Yup. And I bumped on the edge with Sabrina, Regarding Henry and Mosquito Coast. But when a character is sufficiently different to the others the audience has seen me play, they get worried by it. They say, "The man's acting. He's acting now."
But surely that's your job?
The basic skill of an actor is, in fact, empathy, and that's maybe not a skill, it's a disposition. I am an assistant storyteller. I enjoy feeling useful to a team effort. It's my way of finding a use for myself, a utility in this world. So what I'm ambitious for is to not get caught 'acting'. I want to really feel the role and not let people see the process, or to let them stand back and admire it, because I think that does finally get in the way.
It sounds like you approach filmmaking as a craft, like carpentry...
There's a real simple analogy. You have to perceive it from the ground up. You have to lay a firm foundation, then every step becomes part of a logical process.
And you combined the two, literally, in Witness.
(Deadpan) You could say we took advantage of my previous experience.
Do you still keep your hand in with the woodwork and DIY stuff?
I haven't done any carpentry in over 20 years. It's one of those pieces of myth that persist well beyond their useful, appropriate life, because it seems like such a nice idea to have this blue-collar worker become a fairy tale prince. I have a workshop in Wyoming and I'm still interested in it, but I've lost a lot of the tool skills that gave me pleasure.
You like to get involved in every stage of the filming process, right from script stage. Does that cause problems?
For some directors, I'm the actor from hell.
When you made the Jack Ryan movies, you were instrumental in realigning Tom Clancy's creation, weren't you?
Clancy's Jack Ryan was less conflicted about what he does and how he does it. I didn't find that as interesting.
You tend to play good guys, however reluctant or understated, like Richard Kimble in The Fugitive. What kept you away from villains?
I prefer to be part of a positive statement. I'm not interested in the psyche of a serial killer. What I'm interested in is creating a situation in which people get some emotional exercise, which makes them feel like human beings and makes them understand that they are part of the human community with all its responsibilities. A bad guy in a movie has a lot of latitude for acting. He can walk up the wall, crawl across the ceiling, go piss in the corner and everybody will say, "Fantastic!" But somebody's going to have to catch that sucker. Somebody's going to have to play the guy who gets him in the end. And that's a better part.
The good guy roles reached the ultimate height in Air Force One, where you played the President of the United States. Were you being tongue-in-cheek there?
No, I wouldn't say that. I was given the script by the producers before a director was attached to it. It was not in its final form, but it obviously had the armature and plan for spectacular entertainment. Part of it was the genius of the concept of the President in that situation, but it was also the soul and nature of the President, his relationship with his wife and family, and the moral dilemma that he creates for himself.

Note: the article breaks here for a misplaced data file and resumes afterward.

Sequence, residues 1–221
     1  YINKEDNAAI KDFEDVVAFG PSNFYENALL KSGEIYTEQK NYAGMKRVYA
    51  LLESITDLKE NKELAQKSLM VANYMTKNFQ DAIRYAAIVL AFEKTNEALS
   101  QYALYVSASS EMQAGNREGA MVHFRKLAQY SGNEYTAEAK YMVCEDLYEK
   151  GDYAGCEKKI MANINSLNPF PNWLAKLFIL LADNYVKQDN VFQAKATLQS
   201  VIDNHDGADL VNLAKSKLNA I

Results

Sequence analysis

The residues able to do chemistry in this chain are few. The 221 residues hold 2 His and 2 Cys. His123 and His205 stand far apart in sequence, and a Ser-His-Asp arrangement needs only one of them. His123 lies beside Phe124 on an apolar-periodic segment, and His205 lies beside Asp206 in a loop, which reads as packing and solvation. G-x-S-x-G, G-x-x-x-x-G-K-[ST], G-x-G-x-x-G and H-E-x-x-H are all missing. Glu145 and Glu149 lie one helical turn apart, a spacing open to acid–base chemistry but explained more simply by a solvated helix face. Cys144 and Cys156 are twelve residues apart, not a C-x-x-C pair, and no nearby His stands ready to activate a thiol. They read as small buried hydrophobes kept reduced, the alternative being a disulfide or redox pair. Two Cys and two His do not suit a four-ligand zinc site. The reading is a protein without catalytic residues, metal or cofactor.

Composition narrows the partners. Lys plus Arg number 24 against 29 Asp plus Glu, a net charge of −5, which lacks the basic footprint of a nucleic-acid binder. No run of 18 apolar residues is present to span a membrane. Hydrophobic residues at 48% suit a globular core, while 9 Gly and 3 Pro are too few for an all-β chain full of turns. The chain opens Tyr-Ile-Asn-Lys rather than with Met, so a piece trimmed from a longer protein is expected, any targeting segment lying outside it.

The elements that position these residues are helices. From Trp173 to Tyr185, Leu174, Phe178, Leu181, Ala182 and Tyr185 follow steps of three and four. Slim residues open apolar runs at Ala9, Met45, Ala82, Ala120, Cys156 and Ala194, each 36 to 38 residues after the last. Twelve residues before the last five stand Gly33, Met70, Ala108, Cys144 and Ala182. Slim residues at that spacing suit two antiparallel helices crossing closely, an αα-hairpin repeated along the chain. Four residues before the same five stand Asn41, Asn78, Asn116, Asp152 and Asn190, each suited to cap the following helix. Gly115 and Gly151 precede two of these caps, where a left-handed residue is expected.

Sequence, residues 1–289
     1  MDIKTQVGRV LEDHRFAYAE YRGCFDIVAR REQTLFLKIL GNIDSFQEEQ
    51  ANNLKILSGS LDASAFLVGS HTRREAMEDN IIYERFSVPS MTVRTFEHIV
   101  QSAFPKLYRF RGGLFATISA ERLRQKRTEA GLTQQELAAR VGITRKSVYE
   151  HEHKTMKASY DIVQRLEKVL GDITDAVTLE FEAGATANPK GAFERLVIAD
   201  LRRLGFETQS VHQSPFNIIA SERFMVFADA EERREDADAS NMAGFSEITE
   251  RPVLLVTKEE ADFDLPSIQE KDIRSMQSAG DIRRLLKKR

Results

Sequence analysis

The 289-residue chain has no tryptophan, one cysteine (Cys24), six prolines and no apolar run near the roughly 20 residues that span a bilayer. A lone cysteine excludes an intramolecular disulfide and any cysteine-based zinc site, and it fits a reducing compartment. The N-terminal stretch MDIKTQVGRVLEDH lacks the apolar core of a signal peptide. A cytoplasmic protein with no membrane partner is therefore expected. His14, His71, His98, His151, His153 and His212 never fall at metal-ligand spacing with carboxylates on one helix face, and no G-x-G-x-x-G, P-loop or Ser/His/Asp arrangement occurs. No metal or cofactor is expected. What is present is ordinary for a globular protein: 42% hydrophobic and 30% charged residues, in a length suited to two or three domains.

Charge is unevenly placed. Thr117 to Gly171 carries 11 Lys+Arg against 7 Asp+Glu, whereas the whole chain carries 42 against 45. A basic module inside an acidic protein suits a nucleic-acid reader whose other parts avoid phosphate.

I don't feel any lack of noble purpose if I do a film that's commercial.
So it's not an ironic comment on your movie stardom?
I don't take trouble at all to conform a screenplay to my iconography. I don't say, "We can't do that - the audience wouldn't accept it." I try to take the limitations of what is required to play a leading character and then screw with them.
Which you also did in What Lies Beneath. Although he's technically the bad guy, your character is still very human - more flawed than evil. After resisting villains for so long, why did you take the risk?
There comes a point when you've exhausted your opportunities playing good guys. I've been around long enough, I think I'm entitled to explore a bit. But what I saw there was an opportunity to play a character different from what the audience's expectation was. A chance to take their crude experience of me - of my iconography, if you will - and turn it on its ear at an appropriate juncture in the film to be useful to the process of telling the story.
Spielberg recently announced that a fourth Indiana Jones was definitely in the pipeline. You'll be 60 this year, and older by the time it finally goes into production. Won't this pose something of a problem?
Why? There is no barrier to Indiana Jones growing older. It's not an age-based character. (Pause) We can't bang him up as much as we used to, maybe. (Laughs) But I guess I can pretend to have the capacity as well as I pretended before.
At $25 million a film, you've more than established yourself as bankable star. Do you ever feel the urge to make an art movie?
I try to preserve a certain amount of time away from the movies, so I don't allow time to do those smaller parts that might give me an opportunity to do more seemingly 'artful' things. Although, having said that, I don't feel any lack of noble purpose if I do a film that's commercial.
You spend the rest of your time out of Hollywood altogether. Why did you choose Wyoming?
It sort of fit this picture I had in my head that I'd carried around for a long time. A picture of what the American paradise would look like. Woods and streams and stuff like that. Clear, mountain air... And I saw it.
Do you think it's important to have that kind of escape?
I think people only have so much interest in anybody, and if you barrage them in between the times you have something to offer them you become a personality rather than an actor - much more short-lived. I only work once a year. And that's enough.
This article was first published in Empire Magazine Issue #156 (June 2002).